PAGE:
- In relation to the Young Person's Guarantee: in 2020-21 SFC was allocated up to £10m to invest in college courses to increase the employability skills of those furthest from the job market, and to develop higher-level skills interventions with fast track Higher National Certificates. The funding also covered providing micro credential courses to support a greater number of recent graduates or those in insecure employment, on furlough or who were unemployed. Colleges supported almost 2,500 students across 240 courses.
- Using technology and innovation, SDS not only maintained but enhanced delivery of its core services, whilst also rapidly designing and deploying new offers to help people at risk.
- A new Covid-19 helpline was launched May 2020 with a focus on helping individuals regarding Partnership Action for Continuing Employment, employment and education, receiving over 4,300 calls in 2020-21 with 93% of them related to employment.
- Protecting existing apprentices was a priority for SDS during challenging times for the labour market. However, enhanced support, including the Apprentice Employer Grant (AEG) also helped create new apprenticeship opportunities, with £19.1m in grants paid out to support more than 3,500 new Modern and Graduate Apprenticeship starts in 2020-21.
Business Creation and Growth
Business Creation and Growth [lead agencies: HIE, SE & SOSE]
Aim: Promoting business creation and growth through helping to create a nation of dynamic and high achieving entrepreneurs, with a focus on inclusivity (women, rural, minority ethnic groups and others) and providing a new structure of support for business scale-up, as well as targeting global market opportunities, capitalising on Scotland's unique assets, and using innovation as a key driver of productivity growth.
Business creation can encourage productivity growth as new firms entering a market increases competition. Between 2018 and 2021, 80,340 businesses were created in Scotland – in spite of Covid-19. However Scotland's business start-up rate is significantly behind the UK and OECD comparator countries – and has been for decades. Scotland also lags behind the UK in terms of high growth enterprises as a share of the business base. Although the position has improved since the ESSB first looked at this, in 2020 10.1% of UK businesses were high-growth firms compared with 9.7% in Scotland. In addition, women are less likely than men to start businesses and the ESSB heard concerns that not enough Scottish firms grow quickly or to scale.
The Business Creation and Growth mission aimed to address this challenge. For example, as a response to Covid-19, HIE delivered the Young Company Capital Investment Grant Scheme with Business Gateway to support SMEs under five years old to focus on sustainability, growth and adaptation/diversification arising from Covid-19 (around £1m awarded to 67 SMEs in 2020-21). In addition HIE supported companies to take advantage of digital technologies through the Digital Enablement Grant Scheme, a £2.2m scheme, initially delivered with HIE funding and enhanced with SG funding.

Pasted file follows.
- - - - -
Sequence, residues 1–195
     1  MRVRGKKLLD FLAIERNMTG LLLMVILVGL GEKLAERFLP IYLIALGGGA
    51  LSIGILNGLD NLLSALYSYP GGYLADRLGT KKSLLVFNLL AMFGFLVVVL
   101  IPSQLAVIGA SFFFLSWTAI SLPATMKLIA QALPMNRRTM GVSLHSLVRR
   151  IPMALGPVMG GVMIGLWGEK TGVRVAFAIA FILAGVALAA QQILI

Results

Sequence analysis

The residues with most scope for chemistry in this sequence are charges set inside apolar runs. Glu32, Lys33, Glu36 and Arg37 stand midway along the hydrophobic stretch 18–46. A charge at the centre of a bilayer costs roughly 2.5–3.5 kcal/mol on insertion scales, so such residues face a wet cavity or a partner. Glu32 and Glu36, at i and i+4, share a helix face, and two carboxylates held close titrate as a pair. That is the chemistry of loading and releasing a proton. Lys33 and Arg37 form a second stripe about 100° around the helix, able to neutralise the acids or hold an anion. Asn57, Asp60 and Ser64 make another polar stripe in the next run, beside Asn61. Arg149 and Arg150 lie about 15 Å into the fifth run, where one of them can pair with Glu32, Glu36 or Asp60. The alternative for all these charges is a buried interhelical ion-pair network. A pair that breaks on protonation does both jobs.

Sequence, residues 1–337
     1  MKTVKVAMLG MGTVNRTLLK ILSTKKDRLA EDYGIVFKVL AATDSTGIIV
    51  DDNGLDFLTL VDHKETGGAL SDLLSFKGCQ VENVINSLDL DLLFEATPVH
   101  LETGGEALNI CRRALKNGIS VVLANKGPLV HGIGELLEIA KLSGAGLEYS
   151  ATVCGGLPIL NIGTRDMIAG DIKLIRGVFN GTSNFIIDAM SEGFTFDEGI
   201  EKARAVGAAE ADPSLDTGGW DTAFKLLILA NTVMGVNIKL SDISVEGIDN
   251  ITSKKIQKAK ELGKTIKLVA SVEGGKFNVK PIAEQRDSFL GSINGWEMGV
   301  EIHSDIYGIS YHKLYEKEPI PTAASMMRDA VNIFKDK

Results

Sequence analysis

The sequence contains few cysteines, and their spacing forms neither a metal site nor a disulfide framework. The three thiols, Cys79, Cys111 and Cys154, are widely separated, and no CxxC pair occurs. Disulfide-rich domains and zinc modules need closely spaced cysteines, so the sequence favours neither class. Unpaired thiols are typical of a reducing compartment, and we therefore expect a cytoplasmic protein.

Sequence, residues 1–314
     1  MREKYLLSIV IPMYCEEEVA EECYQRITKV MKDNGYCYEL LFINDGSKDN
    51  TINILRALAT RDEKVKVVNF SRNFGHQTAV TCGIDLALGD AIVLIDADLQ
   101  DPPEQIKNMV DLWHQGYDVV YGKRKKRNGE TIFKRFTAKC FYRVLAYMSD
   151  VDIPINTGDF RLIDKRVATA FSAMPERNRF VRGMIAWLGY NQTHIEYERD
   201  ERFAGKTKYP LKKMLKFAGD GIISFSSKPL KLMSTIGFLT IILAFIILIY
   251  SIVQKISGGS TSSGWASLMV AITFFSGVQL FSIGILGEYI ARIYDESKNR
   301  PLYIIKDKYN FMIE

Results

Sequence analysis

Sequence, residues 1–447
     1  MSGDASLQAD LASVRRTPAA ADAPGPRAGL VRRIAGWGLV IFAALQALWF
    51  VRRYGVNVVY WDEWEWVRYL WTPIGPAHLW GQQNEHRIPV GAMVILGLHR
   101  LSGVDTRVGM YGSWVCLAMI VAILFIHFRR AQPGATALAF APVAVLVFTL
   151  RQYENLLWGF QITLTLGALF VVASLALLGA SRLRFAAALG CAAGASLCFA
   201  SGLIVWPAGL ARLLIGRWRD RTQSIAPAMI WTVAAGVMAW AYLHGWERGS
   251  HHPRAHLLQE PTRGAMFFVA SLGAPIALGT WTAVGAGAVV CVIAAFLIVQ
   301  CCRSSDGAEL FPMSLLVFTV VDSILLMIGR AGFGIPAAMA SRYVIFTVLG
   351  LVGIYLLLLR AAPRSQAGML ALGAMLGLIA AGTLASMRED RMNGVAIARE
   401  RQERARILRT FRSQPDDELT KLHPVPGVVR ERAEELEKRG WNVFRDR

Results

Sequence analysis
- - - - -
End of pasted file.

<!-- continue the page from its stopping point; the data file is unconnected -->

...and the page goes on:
This mission's initial focus and principal achievement has been the creation of Find Business Support (FBS) delivered through the BSP, as the first port of call for all public sector business support, launched in December 2019.
Over 90 Scottish public sector organisations publish information on the support they offer to businesses on the FBS website - including Local Authorities. Since launch, the FBS service has been accessed more than 1.5m times by Scottish businesses, with 900,000 of these visits resulting in referrals to partners for support. During the Covid-19 pandemic, FBS became the primary tool for SG to communicate to businesses and the 'go to' place for businesses to find the latest information and guidance. At the height of the Covid-19 pandemic, the FBS website served 400,000 customers per month.
Although Covid-19 activity has reduced, the FBS website continues in popularity and currently serves an average of 35,000 customers per week, making it one of the Scottish public sector's most popular websites.
The BSP continues to deliver a number of cross-partner workstreams including collaborating on the co-design of new products and services to ensure no duplication of offer to customers; and how to better capture and use data across partner organisations. This mission is now being taken forward under the Entrepreneurial People and Culture programme in NSET.
Exports [lead agencies: SE, HIE and SG]
Aim: Increasing export growth through both the number of exporting businesses and the value of exports – sustaining and growing the value of Scotland's trade with new and emerging markets by better understanding product, services and in-country demand, and increase the number of exporters through broader and deeper reach at regional levels.